Wednesday, December 2, 2009

How much do the polls right now matter?

We're paying a lot of attention to 2010 Senate polls right now, which begs the question: how much bearing do any surveys done now have to what the final results are going to be next November?

To try to answer this question I looked back at the polling I could find from late 2007 on the 2008 Senate contests:


Late 2007 Polling

Final Result



Begich 47-41

Begich 48-47



Schaffer 42-41

Udall 53-43



Landrieu 46-42

Landrieu 52-46



Wicker 47-39

Wicker 55-45



Coleman 48-44

Franken 42-42


New Hampshire

Shaheen 53-42

Shaheen 52-45


New Mexico

Udall 54-40

Udall 61-39


North Carolina

Dole 51-39

Hagan 53-44



Smith 48-39

Merkley 49-46



Warner 57-35

Warner 65-34


In seven out of ten of the races the late 2007 polls actually gave a decently good indication of where the races ended up, even if the margins were off.

The biggest exceptions were North Carolina and Oregon and those two districts share a common thread: incumbents with somewhat iffy approval ratings whose challengers weren't very well known statewide yet. The political conditions were right for Elizabeth Dole and Gordon Smith to lose but voters didn't know Kay Hagan or Jeff Merkley yet- the polls in those states changed significantly over the course of the summer when they went on tv.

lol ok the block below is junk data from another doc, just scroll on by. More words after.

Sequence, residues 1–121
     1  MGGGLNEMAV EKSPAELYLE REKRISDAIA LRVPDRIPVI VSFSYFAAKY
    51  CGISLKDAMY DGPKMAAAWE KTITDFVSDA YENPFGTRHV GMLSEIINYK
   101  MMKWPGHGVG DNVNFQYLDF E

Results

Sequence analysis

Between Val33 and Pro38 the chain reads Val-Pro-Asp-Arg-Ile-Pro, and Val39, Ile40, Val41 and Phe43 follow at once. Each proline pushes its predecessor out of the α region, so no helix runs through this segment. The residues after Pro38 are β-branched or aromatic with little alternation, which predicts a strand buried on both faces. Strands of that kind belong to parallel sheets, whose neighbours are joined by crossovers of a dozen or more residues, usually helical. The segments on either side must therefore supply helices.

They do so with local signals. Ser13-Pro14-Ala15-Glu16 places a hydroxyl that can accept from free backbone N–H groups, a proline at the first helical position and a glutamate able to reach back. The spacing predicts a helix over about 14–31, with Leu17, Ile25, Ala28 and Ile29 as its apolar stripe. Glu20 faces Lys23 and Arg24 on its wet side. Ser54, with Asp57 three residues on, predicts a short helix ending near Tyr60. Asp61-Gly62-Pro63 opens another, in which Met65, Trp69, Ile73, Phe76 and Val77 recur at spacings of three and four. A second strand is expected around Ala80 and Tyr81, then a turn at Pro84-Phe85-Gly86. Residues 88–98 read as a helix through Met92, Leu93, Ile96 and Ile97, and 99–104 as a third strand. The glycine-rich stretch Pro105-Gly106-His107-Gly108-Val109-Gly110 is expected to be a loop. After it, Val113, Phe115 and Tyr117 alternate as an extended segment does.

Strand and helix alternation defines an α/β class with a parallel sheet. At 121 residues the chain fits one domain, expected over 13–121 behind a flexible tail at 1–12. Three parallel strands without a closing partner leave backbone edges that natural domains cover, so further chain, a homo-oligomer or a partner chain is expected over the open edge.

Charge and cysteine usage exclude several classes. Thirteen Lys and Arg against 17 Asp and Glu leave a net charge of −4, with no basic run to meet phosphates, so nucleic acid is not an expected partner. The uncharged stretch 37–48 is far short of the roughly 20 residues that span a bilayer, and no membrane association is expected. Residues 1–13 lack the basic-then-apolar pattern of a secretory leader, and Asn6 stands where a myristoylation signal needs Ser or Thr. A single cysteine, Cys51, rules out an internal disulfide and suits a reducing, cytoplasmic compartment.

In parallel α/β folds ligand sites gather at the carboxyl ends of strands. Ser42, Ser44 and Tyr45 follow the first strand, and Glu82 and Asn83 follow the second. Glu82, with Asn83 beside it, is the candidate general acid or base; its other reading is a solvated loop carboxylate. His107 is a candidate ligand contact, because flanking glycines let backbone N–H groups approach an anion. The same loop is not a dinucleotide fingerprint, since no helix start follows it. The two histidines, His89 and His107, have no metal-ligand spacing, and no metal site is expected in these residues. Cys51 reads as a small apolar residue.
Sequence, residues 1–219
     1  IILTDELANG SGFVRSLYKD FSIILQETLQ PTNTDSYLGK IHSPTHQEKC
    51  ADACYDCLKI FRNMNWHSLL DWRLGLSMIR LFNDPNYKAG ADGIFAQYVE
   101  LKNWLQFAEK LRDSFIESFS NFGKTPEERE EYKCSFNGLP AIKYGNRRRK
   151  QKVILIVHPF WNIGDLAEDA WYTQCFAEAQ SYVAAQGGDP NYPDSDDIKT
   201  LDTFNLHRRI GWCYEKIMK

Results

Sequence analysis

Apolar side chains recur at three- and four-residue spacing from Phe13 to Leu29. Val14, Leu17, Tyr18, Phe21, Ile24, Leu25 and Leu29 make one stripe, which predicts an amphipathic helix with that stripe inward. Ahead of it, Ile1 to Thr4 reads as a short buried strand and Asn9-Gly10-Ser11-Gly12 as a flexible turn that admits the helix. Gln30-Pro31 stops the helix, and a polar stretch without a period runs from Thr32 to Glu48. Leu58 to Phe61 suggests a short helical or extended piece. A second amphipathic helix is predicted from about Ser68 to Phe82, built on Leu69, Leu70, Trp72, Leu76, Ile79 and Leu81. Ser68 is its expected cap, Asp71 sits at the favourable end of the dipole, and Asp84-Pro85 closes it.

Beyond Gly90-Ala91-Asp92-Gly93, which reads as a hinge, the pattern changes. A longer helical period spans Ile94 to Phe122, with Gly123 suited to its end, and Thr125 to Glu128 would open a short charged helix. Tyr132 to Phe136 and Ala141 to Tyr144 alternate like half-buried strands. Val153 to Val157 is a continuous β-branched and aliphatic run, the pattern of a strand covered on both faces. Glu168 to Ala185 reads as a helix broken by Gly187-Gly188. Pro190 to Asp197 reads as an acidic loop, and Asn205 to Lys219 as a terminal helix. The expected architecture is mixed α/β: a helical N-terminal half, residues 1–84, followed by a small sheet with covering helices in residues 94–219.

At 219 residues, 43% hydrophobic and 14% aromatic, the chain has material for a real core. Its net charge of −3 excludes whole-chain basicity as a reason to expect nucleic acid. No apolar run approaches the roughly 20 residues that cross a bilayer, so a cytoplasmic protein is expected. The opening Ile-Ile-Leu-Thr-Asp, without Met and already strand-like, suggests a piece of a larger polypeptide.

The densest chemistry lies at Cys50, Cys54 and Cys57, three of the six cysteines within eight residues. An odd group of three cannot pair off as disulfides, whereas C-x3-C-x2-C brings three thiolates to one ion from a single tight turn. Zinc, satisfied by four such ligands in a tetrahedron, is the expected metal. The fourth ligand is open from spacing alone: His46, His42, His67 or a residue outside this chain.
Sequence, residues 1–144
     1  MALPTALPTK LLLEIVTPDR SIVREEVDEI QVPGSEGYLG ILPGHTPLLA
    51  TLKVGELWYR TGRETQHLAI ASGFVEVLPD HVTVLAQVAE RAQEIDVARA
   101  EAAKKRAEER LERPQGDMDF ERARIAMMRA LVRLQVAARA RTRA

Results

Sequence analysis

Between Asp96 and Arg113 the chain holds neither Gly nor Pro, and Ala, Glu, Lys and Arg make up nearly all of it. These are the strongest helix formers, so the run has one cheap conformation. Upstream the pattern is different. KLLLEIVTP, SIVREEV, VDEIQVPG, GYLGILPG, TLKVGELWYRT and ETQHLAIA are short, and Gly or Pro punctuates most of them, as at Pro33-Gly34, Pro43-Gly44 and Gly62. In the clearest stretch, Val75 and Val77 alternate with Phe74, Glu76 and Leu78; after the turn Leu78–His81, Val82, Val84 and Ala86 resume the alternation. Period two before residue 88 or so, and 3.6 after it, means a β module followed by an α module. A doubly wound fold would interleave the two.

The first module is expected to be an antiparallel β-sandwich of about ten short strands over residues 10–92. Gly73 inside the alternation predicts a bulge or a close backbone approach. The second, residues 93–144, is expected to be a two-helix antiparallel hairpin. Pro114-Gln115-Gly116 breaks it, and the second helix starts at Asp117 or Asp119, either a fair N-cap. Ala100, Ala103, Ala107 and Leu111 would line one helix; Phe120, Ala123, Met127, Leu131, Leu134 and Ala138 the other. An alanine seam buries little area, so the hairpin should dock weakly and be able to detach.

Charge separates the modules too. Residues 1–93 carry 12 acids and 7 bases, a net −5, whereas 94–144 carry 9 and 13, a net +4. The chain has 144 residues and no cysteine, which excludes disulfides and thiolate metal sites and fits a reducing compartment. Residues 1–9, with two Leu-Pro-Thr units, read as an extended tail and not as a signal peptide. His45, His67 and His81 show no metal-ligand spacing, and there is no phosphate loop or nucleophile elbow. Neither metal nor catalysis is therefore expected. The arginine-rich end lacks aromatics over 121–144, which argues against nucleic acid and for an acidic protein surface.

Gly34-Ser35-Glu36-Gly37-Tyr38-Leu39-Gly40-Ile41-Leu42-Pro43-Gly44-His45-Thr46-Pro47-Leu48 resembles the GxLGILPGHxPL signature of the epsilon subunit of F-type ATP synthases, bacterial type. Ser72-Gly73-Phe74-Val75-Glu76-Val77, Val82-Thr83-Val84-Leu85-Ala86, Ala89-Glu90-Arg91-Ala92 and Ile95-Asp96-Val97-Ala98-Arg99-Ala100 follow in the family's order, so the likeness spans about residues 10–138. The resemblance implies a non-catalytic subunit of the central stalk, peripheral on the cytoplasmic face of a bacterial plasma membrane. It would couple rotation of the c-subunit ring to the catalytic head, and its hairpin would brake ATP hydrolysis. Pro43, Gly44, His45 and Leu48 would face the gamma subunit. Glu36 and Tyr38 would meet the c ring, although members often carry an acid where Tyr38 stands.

I think that trend is a little worrisome for some Democrats who have been polling mediocre against opponents who aren't very well known- Blanche Lincoln and Harry Reid in particular. If the political climate doesn't get turned around they could end up being creamed when voters who don't like them become more familiar with the alternatives- so long as those alternatives run solid campaigns, which is certainly not a given.

In races where both candidates were already pretty well known the 2007 polls gave a pretty good picture of where the races ended up. Mississippi, New Hampshire, New Mexico, and Virginia all showed one of the candidates already holding a clear lead and those leads held up right on through November 2008. Alaska and Minnesota were within the margin of error and they stayed within it- past election day to some extent!

What does that mean for this year? In places like Pennsylvania, Missouri, and maybe Delaware where the races are close and the candidates are pretty well known we can probably expect these to stay highly competitive all the way through 2010. In North Dakota Byron Dorgan may have quite a mountain to climb if John Hoeven does end up getting into the race.

These polls are less helpful in showing us where Ohio, Kentucky, New Hampshire, and Colorado might end up because those are all races where none of the candidates except maybe Paul Hodes or Dan Mongiardo is particularly well known and there weren't a lot of 2008 Senate contests that fit that description.

So the answer to my ultimate question of how meaningful the polls are now? Depends on the race to some extent and how familiar voters are with the individual candidates. But they certainly have some utility.

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